The Dow, down more than 200 points at 2:00 pm, touched an intraday low of 12,032, its lowest point since January 23, another sign that capitulation is not far removed from the minds of burdened investors.

Those same investors will have plenty of data from which to extract any fragment of hope. ADP Employment, revised 4th quarter productivity numbers, factory orders, ISM Services Index and crude inventories are all on Wednesday's economic calendar. At 2:00 pm, the Fed's Beige Book, with minutes from the February meeting, is released.

And the week isn't even half over!

Hint: Friday prior to market open is the release of the monthly US labor report.

NYSE Volume 4,757,187,000
NASDAQ Volume 2,692,600,500

Monday, March 3, 2008

Begging for Losses

A grizzled, experienced veteran of the trading floor once mentioned never to buy or sell stocks before ten o'clock or after three o'clock.

The reasoning, he explained, "that's when the big money is at work - the brokerages are placing heavy bets and once the momentum gets going, it takes a lot of money to move it in the other direction."

I've heeded this sage advice through many sessions of market-watching, trading and analysis, but the prescience of this wisdom has never been more prevalent than over the past two months, especially on the Dow.

Today was a perfect example of the volatility that often overwhelms inexperienced or fearful traders who are looking for safe entry points. Just before 10:00 am, stocks hit a low of 12,175. Everybody, it seemed was selling.

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By 10:30, however, the Dow was nearly unchanged. It traded in a narrow range, staying just slightly to the downside all day... until just before 3:00. It made the low of the day, at 12,161, a loss of just more than 100 points, right before the clock struck three.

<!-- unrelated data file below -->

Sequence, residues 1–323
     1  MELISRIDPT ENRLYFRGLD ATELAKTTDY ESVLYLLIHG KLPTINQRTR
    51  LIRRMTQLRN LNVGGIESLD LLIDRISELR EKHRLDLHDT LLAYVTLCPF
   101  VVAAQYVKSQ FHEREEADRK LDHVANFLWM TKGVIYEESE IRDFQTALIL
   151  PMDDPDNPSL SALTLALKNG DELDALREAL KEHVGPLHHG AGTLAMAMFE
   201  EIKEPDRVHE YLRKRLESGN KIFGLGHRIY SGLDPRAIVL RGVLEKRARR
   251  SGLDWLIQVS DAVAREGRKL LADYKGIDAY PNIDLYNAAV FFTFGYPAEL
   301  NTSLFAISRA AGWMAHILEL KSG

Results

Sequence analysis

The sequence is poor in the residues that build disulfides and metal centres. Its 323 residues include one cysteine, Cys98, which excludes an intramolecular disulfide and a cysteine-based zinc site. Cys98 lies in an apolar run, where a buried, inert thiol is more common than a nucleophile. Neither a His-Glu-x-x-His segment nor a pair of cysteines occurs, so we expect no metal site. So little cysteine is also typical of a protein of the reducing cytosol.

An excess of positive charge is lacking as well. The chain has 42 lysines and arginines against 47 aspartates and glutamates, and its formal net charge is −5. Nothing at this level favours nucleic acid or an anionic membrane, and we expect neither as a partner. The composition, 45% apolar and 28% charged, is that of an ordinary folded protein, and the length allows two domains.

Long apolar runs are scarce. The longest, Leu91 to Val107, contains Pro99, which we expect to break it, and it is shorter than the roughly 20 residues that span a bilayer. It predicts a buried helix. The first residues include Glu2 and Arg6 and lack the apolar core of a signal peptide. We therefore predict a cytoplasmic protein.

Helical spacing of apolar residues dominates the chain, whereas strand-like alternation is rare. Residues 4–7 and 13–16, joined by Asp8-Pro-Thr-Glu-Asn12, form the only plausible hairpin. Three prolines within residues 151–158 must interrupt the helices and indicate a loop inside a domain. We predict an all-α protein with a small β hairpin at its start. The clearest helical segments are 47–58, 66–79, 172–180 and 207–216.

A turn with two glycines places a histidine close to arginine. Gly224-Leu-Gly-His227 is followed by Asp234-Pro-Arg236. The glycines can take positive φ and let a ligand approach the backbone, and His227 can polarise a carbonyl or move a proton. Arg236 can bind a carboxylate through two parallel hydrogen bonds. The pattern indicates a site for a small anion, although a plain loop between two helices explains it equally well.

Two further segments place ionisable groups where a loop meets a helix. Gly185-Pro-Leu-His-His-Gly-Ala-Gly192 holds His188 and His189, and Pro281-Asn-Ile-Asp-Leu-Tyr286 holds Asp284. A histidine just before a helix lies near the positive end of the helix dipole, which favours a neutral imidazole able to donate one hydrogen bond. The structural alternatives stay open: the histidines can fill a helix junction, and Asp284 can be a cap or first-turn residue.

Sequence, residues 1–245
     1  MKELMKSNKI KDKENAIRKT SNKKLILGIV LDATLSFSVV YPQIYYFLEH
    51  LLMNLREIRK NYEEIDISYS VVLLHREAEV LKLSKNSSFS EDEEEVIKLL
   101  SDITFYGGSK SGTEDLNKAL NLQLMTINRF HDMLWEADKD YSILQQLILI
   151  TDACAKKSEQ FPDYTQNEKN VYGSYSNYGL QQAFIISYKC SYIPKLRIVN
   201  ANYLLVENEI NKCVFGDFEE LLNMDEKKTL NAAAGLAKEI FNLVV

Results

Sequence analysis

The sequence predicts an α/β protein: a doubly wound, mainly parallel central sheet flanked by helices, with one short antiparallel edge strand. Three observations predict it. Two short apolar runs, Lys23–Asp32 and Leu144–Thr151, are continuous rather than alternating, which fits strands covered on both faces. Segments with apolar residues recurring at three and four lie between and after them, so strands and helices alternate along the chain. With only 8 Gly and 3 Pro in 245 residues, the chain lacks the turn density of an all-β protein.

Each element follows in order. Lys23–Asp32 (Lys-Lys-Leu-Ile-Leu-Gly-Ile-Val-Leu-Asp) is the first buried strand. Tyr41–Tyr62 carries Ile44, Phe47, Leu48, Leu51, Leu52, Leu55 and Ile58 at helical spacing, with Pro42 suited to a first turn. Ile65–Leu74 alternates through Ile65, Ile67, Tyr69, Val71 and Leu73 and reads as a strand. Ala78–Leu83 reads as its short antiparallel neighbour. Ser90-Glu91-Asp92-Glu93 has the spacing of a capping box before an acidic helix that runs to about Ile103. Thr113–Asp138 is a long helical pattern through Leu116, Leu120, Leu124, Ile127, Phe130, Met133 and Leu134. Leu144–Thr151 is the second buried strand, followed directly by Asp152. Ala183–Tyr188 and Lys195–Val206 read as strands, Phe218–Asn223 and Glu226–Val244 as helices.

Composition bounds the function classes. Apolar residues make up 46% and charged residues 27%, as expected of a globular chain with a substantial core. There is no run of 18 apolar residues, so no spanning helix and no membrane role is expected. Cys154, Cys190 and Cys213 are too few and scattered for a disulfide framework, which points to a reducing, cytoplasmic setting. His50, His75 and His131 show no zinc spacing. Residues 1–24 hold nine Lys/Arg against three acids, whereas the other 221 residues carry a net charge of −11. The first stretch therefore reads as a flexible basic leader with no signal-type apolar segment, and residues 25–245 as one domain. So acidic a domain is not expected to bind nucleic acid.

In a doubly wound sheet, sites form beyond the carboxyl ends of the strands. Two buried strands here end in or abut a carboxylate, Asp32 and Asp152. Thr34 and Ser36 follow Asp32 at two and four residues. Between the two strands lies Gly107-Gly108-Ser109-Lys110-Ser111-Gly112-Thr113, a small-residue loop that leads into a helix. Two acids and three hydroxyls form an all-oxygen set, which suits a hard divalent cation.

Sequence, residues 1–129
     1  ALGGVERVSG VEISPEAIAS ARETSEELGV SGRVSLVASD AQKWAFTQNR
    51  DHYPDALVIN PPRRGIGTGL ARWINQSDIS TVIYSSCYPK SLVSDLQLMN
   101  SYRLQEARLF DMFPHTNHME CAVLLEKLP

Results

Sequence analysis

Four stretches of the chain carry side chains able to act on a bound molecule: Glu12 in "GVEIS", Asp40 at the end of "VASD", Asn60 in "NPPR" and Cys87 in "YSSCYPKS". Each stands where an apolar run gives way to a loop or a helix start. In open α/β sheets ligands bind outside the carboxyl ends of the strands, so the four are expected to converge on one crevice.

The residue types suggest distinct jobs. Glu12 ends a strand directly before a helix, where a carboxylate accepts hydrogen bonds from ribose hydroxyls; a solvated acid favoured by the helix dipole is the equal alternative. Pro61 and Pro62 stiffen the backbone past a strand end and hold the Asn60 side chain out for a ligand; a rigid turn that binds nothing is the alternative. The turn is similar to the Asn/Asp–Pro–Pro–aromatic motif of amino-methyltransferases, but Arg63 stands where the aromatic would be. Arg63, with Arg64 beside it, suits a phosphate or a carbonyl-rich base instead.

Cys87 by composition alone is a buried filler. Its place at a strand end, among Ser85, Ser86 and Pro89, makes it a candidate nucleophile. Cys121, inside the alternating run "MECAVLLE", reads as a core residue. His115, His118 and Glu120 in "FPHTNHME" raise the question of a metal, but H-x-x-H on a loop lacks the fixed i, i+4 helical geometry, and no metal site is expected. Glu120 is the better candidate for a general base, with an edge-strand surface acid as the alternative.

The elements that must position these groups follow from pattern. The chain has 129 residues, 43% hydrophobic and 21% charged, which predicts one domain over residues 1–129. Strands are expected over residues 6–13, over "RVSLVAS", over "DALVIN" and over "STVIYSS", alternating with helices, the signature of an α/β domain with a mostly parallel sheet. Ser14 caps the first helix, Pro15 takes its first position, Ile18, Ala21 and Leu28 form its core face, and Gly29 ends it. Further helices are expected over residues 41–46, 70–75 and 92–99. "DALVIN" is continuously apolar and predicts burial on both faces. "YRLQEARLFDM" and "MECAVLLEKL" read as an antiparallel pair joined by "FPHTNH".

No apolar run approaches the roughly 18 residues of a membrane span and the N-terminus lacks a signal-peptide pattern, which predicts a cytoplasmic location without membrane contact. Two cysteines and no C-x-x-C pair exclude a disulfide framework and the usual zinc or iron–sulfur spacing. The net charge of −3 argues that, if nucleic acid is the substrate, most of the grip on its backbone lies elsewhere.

Of course, we all know what happened next. Stocks continued to climb, erasing most of the losses and leaving everyone with the impression that stocks were going down, but not much. No worries, people.

Dow 12,258.90 -7.49; NASDAQ 2,258.60 -12.88; S&P 500 1,331.34 +0.71; NYSE Composite 8,970.39 +7.93

Meanwhile, commodities continued their ceaseless march to record highs. Oil closed up 61 cents to $102.45. Gold was up another $9.20 to $984.20. Silver added 27 cents to $20.18. Just a week ago, silver could be had for $18 and change. Inflation has arrived in a very, very big way.

The internals, of course, tell a slightly different story than the nightly news. Declining issues once again sped ahead of advancers, 3750-2588. New lows carried the day again over new highs, 526-87. That spread continues to grow, indicating further price deterioration for stocks is in the offing.

To get an idea of the flavor in this ridiculous market, consider the running commentary from, at 3:05. "Sellers now outpace buyers by 2-to-1 on the NYSE. Pessimism is broad based." Just to underscore the monstrosity of the market, the NYSE advance-decline line ended with losers ahead by a 6-5 margin. One would suppose that the pessimism, so "broad based" at 3:00, was washed completely away in the final hour of trading.

I reiterate. The US stock markets are rigged, to prevent stocks from falling too much, too fast. The money the Fed continues to supply the banks in terms of overnight, 14-day and clandestine, exotic, never-to-see-the-light-of-day loans over the discount window through auctions and other sinister devices, is going to eventually collapse the entire system.

Please, please, please, examine the chart at the right. It makes no sense in any way, unless you understand that the market is, has been and will be manipulated to avoid showing losses. The it all becomes crystal clear. Might as well not trade before 10:00 or after 3:00, just like the old guy said.

Banks are already unwilling to lend unless your credit record is perfect, so why must they continue to borrow from the Fed? They aren't loaning any out, so they must be... ah, there's the answer, shoring up their own feeble, nearly-penniless balance sheets which are fraught with accounting black holes.

We're sitting on top of a pile of bad checks that have been written by the major money center banks and Wall Street, the Fed and the high reaches of government continue to act like there's nothing going on. Business as usual. Ho-hum.

What an evil, bad joke is being played on the American public - investors or otherwise. While many cannot afford gas for their cars, heat for their homes or food for the hungry mouths of families, the slick Wall Street pitchmen are still touting equities over commodities, and they all know, some day, like it or not, there will be a reckoning, and it won't be a happy occasion. Until then, the phoniest party on the planet carries on.

NYSE Volume 3,933,841,000
NASDAQ Volume 2,128,272,500